Blood from the Mouth: Happens to Bosch when he is defeated by Ryu for the last time (with both sides fighting as Half Human Hybrids); Bosch asks Ryu to perform a Mercy Kill on him, and spews blood when Ryu runs him through with his own claw.
Also happens to Ryu when Bosch stabs him in the throat with his rapier, full with blanked eyes.
Body Horror: In Dragon Quarter, Nina is not a princess, but some poor girl genetically engineered into an air purification device. It works by shunting all of the pollution to the girl, thus driving the initial goal of the characters to get her to the (supposedly) clean surface. Oh and she had her tongue cut out because machines don't need to talk.
There is also a room full of the failed results of previous attempts (in various stages of development), kept preserved in formaldehyde-filled tubes. This is no doubt intended to make them easier to study by the scientists who are working on this project, and not at all to freak out anyone passing through.
In the Non Standard Gameover, which you get from pushing the D-Counter to 100%, we see a silhouette of Ryu twitching violently, before a dragon erupts from his body, rending it to shreds. You don't see much, but it's still scary as hell.
Bonus Dungeon: Kokon Horay. In order to reach it, the fairy colony must be at maximum level.
Crapsack World: Dragon Quarter's setting was all below ground, where humanity (and everyone else) was driven when a massive war ripped apart the surface. This leads to a series of abandoned tunnels and cramping issues which make Tokyo Underground look spacious, as well as severe pollution issues.
Earn Your Happy Ending: Ryu manages to deliver Lin and Nina to the gate of the sky, however he has a 200% dragon ratio. As the party separates, Odjn releases Ryu from his bond, preventing him from being consumed, and he rejoins the party in the surface with a clear blue sky.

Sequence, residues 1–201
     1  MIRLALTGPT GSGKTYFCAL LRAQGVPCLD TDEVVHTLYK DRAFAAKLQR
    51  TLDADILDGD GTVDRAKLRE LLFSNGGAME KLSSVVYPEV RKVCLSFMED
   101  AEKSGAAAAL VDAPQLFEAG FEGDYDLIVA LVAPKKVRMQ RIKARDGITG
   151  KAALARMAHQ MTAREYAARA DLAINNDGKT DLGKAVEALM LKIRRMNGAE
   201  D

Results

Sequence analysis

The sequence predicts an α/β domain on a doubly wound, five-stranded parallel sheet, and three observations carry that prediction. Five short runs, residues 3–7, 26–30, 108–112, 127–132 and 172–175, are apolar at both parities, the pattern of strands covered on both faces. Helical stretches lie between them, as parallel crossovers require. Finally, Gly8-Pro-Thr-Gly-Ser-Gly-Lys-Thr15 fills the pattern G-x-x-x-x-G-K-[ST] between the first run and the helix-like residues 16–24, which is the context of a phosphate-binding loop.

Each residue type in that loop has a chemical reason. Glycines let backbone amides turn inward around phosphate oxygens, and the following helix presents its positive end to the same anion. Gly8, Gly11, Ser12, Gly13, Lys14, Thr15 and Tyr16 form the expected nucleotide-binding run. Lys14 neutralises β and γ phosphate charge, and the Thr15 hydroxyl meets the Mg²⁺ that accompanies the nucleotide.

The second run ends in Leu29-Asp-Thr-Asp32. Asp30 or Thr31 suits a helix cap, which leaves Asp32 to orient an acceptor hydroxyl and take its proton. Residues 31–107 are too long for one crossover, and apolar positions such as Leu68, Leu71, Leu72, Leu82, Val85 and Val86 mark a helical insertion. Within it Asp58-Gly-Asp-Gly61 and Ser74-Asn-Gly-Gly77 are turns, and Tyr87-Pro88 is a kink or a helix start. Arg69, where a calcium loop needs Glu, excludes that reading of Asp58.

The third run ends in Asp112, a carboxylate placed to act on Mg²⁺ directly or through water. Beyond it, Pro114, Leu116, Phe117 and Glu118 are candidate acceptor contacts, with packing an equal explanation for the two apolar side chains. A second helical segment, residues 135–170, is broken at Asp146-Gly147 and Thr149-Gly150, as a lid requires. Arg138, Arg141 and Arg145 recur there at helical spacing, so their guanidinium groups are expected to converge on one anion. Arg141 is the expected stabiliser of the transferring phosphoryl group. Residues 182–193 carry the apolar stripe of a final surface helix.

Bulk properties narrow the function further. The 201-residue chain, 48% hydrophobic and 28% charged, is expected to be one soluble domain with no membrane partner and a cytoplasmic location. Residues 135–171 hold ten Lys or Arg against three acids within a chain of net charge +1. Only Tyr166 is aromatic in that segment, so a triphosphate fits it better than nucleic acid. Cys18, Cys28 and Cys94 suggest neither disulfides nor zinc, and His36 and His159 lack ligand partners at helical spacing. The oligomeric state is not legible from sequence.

Gameplay and Story Segregation: In successive playthroughs of the game, it's possible to raise Ryu's D-ratio to 1/4, but in-story he's still treated as a low-D grunt.
Money for Nothing: Once you have access to the money exchange room in the fairy side-game, you can make a killing off the currency that fluctuates more because it actually has a fairly predictable pattern.
New Game+: One of the few (if only) games that makes this an active part of the game mechanics. You're encouraged, or even forced, to constantly restart the game. The only things that are kept over though is currently equipped items, skills, anything in storage, and unused party experience points.
Power Levels: D-Ratios in Dragon Quarter determine a person's potential in life and are therefore used as criteria for determining social status and prospects. 1/8192 means you're stuck as a grunt for life, 1/64 makes you a super-elite, while 1/4 more or less marks you as a Physical God. The more accurate description of the D-Ratios is the likelihood of a successful linkup with a D-Construct, but exactly what they base this on is never elaborated on, and while you can raise your Ratio up to 1/4 in a New Game+ by playing through the game quickly, opening as many treasure chests as possible, killing a lot of enemies and getting first strikes on the majority of them, finishing the Bonus Dungeon, saving as little as possible and having your characters leveled up as high as possible, it doesn't effect the storyline and only allows you to explore a few bonus areas and allows you to get a better version of the game's Infinity+1 Sword.
Note that Ryu being rated as 1/8192 means that he has a 0.0001% chance of successfully linking with a D-Construct. The fact that he does, and with the most powerful one to boot, shows that the D-Ratio system is actually not terribly effective at determining someone's overall ability. Ryu is a grunt that has the ability to become essentially a god (and that kills a bunch of other gods in his quest). At least part of the reason he's opposed by the ruling council is because they simply refuse to believe that someone so pathetic could do what he did.